POWELL, Wyo. — The day Frank Emi arrived at the Heart Mountain Internment Camp in 1943, a whirling dust storm at the bleak camp imparted a “very forlorn and desolate feeling.”
Others questioned the need for barbed wire fences and guard towers — features of a prison environment — to watch over American citizens who hadn’t broken any law.
On the site nearly 60 years later, the Heart Mountain Interpretive Learning Center will open its doors to the public, preserving the memories of those who lived in tar-paper shacks behind barbed wire fences.
Workers were busy last week installing the museum’s displays. They erected information panels, prepared the theater, and detailed the replica rooms where thousands of Japanese-Americans were held during their stay.
“We’re on pace to be open and we expect a very large crowd for the opening,” said Executive Director Steve Leger. “In fact, it’s going to be a challenge to get everyone through here. We’re expecting around 1,000 out-of-town guests.”
The center’s grand opening later this month marks the culmination of a 15-year effort to preserve the historic site, located on the eastern slope of Heart Mountain between Cody and Powell.
Founded in 1996, the Wyoming Heart Mountain Foundation raised $5 million for the center through private donations, much of it contributed by the camp’s former occupants.
“How can you teach democracy in a concentration camp?” one camp resident wrote. His words are displayed in the museum.
Most residents and many historians see the Heart Mountain camp as a concentration camp — a place where people of a particular racial, ethnic or political group are confined without charges or trials.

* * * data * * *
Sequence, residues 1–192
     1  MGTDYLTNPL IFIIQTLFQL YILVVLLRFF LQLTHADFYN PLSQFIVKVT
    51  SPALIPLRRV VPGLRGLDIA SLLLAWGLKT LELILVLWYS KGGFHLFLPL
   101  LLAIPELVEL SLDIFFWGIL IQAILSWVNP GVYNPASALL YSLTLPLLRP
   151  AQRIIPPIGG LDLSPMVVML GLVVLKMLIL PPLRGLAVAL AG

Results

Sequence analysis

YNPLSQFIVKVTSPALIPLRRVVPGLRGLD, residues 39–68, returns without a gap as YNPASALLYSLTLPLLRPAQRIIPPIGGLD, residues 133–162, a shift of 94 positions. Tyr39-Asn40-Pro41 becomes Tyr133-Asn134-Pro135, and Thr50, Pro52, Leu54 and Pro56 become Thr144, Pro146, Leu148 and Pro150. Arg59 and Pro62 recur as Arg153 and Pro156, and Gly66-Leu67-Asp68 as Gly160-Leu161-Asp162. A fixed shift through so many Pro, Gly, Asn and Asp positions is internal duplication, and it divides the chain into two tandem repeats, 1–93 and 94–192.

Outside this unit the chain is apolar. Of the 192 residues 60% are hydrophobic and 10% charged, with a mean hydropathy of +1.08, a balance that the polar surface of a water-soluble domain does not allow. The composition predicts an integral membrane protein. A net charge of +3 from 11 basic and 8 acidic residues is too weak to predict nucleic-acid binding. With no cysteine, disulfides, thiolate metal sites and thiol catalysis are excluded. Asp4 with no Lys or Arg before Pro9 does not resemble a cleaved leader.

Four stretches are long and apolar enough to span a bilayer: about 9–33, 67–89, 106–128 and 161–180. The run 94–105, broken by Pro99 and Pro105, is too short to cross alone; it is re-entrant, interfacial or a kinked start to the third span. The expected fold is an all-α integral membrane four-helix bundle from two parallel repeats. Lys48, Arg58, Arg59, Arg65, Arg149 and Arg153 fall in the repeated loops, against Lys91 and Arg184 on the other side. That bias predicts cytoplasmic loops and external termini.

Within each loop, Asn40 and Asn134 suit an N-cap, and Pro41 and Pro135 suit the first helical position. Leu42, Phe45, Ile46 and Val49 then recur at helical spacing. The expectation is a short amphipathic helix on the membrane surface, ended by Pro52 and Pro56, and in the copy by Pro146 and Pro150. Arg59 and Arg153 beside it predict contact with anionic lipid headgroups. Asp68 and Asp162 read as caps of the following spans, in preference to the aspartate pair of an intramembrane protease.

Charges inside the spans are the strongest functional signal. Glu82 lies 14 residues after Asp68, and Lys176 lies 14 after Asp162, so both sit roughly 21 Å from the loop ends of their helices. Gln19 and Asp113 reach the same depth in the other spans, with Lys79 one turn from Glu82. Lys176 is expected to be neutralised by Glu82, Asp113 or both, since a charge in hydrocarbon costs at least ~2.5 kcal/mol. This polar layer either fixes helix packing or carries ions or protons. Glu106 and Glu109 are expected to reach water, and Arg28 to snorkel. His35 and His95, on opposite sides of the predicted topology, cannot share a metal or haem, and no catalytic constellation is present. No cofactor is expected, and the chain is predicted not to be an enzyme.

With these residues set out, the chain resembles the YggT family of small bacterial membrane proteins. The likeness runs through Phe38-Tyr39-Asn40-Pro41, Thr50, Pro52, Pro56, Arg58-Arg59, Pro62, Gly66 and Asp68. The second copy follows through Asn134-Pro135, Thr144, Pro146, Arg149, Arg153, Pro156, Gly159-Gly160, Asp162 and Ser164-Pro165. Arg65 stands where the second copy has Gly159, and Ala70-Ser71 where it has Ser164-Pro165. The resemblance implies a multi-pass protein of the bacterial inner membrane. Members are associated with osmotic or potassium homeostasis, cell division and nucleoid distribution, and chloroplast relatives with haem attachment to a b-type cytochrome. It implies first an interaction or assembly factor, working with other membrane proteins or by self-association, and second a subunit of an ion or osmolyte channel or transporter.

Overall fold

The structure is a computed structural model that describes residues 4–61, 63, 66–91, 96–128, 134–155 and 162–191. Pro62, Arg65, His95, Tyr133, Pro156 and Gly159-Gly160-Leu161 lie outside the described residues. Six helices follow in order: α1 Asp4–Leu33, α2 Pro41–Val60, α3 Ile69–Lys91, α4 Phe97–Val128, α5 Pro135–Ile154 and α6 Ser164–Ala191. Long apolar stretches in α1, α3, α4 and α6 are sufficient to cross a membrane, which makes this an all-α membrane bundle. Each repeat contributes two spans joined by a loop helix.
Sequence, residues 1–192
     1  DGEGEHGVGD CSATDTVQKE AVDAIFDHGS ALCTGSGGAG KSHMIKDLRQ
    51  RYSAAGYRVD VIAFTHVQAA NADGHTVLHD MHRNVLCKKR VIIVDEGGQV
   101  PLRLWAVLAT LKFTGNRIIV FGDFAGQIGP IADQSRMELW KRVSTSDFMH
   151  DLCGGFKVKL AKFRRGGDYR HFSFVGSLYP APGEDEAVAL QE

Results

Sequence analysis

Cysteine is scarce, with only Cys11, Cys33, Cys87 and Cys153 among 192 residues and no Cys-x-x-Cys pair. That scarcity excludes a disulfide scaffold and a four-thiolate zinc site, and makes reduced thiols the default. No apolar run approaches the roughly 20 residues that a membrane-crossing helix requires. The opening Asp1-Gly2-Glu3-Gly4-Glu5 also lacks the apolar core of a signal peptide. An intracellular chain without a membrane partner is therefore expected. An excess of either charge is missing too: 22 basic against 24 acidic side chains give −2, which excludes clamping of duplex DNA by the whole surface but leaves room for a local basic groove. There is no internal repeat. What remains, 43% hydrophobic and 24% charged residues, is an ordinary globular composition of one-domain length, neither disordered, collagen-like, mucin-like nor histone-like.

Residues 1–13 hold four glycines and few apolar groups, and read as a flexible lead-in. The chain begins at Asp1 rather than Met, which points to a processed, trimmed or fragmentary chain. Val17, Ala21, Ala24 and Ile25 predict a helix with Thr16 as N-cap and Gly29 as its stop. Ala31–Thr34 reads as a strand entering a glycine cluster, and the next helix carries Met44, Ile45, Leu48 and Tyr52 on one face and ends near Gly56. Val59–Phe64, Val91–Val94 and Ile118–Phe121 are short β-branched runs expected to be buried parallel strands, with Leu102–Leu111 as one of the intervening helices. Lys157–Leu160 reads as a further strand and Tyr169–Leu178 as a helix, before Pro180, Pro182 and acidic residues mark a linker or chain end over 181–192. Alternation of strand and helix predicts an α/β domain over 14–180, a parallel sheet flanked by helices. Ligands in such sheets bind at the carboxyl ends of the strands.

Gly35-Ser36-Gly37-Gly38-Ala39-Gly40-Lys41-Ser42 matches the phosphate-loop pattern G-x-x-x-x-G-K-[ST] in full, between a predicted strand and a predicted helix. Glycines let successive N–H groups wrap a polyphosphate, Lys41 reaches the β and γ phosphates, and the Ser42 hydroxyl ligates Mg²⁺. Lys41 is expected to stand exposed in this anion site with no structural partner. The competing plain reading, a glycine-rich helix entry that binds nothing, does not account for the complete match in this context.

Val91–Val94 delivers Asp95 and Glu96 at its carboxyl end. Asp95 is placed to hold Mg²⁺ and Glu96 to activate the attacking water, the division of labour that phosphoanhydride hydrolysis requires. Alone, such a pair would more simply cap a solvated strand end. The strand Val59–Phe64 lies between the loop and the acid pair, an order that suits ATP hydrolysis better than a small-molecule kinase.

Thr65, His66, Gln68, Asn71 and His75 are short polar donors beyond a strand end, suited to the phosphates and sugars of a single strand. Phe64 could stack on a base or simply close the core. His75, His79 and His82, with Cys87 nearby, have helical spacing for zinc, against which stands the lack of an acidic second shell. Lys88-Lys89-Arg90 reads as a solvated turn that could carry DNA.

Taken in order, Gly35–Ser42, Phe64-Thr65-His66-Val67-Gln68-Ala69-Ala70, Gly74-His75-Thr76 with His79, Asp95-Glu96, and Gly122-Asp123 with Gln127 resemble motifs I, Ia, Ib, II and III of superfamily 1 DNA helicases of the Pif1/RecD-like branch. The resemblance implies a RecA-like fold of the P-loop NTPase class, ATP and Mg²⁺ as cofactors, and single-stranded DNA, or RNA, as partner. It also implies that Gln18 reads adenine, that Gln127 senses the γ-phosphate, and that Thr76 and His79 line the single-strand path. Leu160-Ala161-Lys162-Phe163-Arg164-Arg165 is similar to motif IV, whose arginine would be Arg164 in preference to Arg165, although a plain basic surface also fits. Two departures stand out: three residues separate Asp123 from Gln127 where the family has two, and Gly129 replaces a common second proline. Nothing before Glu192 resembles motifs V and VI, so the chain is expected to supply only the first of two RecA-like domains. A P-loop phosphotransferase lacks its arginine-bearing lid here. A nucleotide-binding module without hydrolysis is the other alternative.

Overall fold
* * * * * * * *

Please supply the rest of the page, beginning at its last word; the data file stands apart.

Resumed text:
But as one museum display says, referring to the center as a concentration camp has fallen out of favor. Too often the term is confused with the Nazi death camps in Europe, where millions were murdered during World War II.
“Heart Mountain was not a death camp, but neither was it an internment camp,” one unnamed occupant wrote. “Internment is a lawful process for detaining enemy aliens. We were not detained under the law, and many of us were U.S. citizens.”
Museum displays suggest that the English language has no exact term for what Heart Mountain actually was. The camp’s occupants, who numbered in the thousands, will remember it as a place where they were unjustly imprisoned because of their ancestry.
“The day we got there was one of those prairie dust storms ... a very memorable sight,” wrote Frank Emi. “Rows and rows of tarpaper shacks there, and all this dust whirling. It gave you a very forlorn and desolate feeling.”
At the Western Governor’s Association in 1943, Wyoming Gov. Nels Smith suggested that all Japanese should “be kept in concentration camps, not reception centers.” He also suggested that they be “worked under guard.”
Not until 1988 did Sen. Alan Simpson of Wyoming and Rep. Norman Mineta sponsor the Civil Liberties Act, which was signed by President Ronald Reagan. Simpson and Mineta had met as Boy Scouts at Heart Mountain when Mineta’s family was incarcerated there.
While crews worked to complete the museum’s displays, Heart Mountain employees waited for a final cut of a 14-minute video documenting life at the camp.
The dedication ceremony will reunite old friends, some of whom appear in the video. Leger is pleased with the progress and says the museum will live up to its goals.
“I’m proud of the design team working out all the elements to try and get everything right to tell the story,” said Leger. “Our exhibits are told in the first person. It’s from the point of view of the internees who were here.”
Tom Brokaw will be a guest speaker for the pilgrimage dinner on Aug. 19. On Saturday, Aug. 20, a panel discussion will include Los Angeles County Superior Court Judge Lance Ito, whose parents lived at the camp.
Joining Ito will be Irene Hirano Inouye, president of the U.S.-Japan Council, and Melba Vasquez, president of the American Psychological Association.
Together they’ll explore the legal, psychological and legislative aspects of the Japanese-American experience and how it influenced American civil rights.
Contact Martin Kidston at firstname.lastname@example.org or 307-527-7250.